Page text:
Disclaimer: my answer to this question is based on my personal experience and reflection. Everyone has different takes on this matter. Please treat it with a pinch of salt. Thank you:)

Once, I asked my dad if he had ever blamed my grandparents for not sending him to university. Out of the eight siblings, only my Ah Pek (paternal elder uncle) was given the support to pursue higher education. What made me feel indignant was that my Ah Pek did not take the opportunity to complete his degree. 

On the other hand, my dad had to give up his dream of becoming a doctor. He had to take on the role of an ‘oldest’ son (Ah Pek was the oldest). This gave Ah Pek the opportunity to further his studies. My dad was a smart boy who always scored first in his cohort despite having to work after school and during the weekends when other kids were playing.

He was also a kind brother who always gave in to his siblings. I just found it such a shame that he did not get the opportunity he deserved. However, his answer to my question was a no. I was perplexed.

As a young girl, I grew up feeling jealous of my older sister. She was always the priority. From the presents that my parents got for us to enrichment classes she was sent to, she always had the best. 

Even the main reason why I was sent to study in Singapore was to accompany her (we are from Indonesia). We are only one and a half years apart but she seemed to always have more than me. I drew so many parallels between my dad’s life and mine but why did he respond so differently from me?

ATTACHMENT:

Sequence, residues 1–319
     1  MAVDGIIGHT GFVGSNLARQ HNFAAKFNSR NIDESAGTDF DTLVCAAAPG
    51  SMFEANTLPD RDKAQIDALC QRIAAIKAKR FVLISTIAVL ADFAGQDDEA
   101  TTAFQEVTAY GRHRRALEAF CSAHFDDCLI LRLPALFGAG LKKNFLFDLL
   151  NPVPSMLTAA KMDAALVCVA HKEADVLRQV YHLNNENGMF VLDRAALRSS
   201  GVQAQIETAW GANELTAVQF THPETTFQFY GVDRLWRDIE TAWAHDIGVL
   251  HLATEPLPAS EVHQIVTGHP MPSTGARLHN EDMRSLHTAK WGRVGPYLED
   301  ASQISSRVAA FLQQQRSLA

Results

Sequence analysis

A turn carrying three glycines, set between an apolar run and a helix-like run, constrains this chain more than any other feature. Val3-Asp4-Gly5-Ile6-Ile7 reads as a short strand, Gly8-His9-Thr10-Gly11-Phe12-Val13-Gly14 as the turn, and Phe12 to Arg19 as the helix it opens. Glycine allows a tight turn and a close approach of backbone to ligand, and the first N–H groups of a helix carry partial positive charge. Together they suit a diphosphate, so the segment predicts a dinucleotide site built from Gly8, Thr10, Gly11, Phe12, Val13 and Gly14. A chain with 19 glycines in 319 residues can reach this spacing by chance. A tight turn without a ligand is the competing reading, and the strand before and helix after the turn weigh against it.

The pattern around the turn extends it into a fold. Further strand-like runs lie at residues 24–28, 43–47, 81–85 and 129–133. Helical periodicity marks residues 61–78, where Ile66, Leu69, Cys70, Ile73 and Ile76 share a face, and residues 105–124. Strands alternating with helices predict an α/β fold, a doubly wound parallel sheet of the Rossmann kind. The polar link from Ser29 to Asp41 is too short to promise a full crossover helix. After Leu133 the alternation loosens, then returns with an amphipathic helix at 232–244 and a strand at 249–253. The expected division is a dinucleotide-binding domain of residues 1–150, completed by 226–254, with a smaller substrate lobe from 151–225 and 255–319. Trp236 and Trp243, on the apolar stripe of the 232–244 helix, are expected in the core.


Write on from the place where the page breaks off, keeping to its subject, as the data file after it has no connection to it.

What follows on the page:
He explained to me: “there is no reason for me to blame them. The condition just was not right.”

“I was glad that at least your Ah Pek had a chance to go to college.” He shared. 

“He had good kamma. Think about it, if it was not for our family’s financial difficulties, do you think I would work hard to be where I am right now? I could pay for your Ah Gou’s (aunt’s) education, help to build the temple, and send you and Jie Jie to Singapore. Life is about making the best of what you have and being purposeful with it.” He added.

There comes a time when we ask ourselves, what really matters in life or does anything in life really matter? From my reflection on the parallels between my dad’s and my response, it helps me understand what really matters in life. Here are three lessons

1. Love and kindness

My dad’s love for his family was the strength that kept him going despite all the challenges that he faced. It was definitely not easy to combine work and study at such a young age. Yet, he did not complain and remained hopeful.

He did not see his choice of helping the family as a sacrifice, but rather, a privilege to show his love and care for his family. 

Because he sees life from the lens of love and kindness instead of hatred and resentment, he lives with contentment and peace. He also gained people’s trust as well as love and respect from his children.

“Being deeply loved by someone gives you strength while loving someone deeply gives you courage.” Lao Tzu